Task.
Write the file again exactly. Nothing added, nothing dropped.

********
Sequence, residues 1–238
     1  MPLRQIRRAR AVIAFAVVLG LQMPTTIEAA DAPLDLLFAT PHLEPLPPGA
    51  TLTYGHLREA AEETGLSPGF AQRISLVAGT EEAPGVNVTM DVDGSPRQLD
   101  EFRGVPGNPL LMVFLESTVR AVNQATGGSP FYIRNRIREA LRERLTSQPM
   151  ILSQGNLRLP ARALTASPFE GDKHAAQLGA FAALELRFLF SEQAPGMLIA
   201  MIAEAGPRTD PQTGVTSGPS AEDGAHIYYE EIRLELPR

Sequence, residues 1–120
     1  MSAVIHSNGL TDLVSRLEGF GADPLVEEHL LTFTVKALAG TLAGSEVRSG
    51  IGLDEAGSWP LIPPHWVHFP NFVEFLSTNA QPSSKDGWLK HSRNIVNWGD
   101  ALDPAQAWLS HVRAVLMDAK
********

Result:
Sequence, residues 1–238
     1  MPLRQIRRAR AVIAFAVVLG LQMPTTIEAA DAPLDLLFAT PHLEPLPPGA
    51  TLTYGHLREA AEETGLSPGF AQRISLVAGT EEAPGVNVTM DVDGSPRQLD
   101  EFRGVPGNPL LMVFLESTVR AVNQATGGSP FYIRNRIREA LRERLTSQPM
   151  ILSQGNLRLP ARALTASPFE GDKHAAQLGA FAALELRFLF SEQAPGMLIA
   201  MIAEAGPRTD PQTGVTSGPS AEDGAHIYYE EIRLELPR

Sequence, residues 1–120
     1  MSAVIHSNGL TDLVSRLEGF GADPLVEEHL LTFTVKALAG TLAGSEVRSG
    51  IGLDEAGSWP LIPPHWVHFP NFVEFLSTNA QPSSKDGWLK HSRNIVNWGD
   101  ALDPAQAWLS HVRAVLMDAK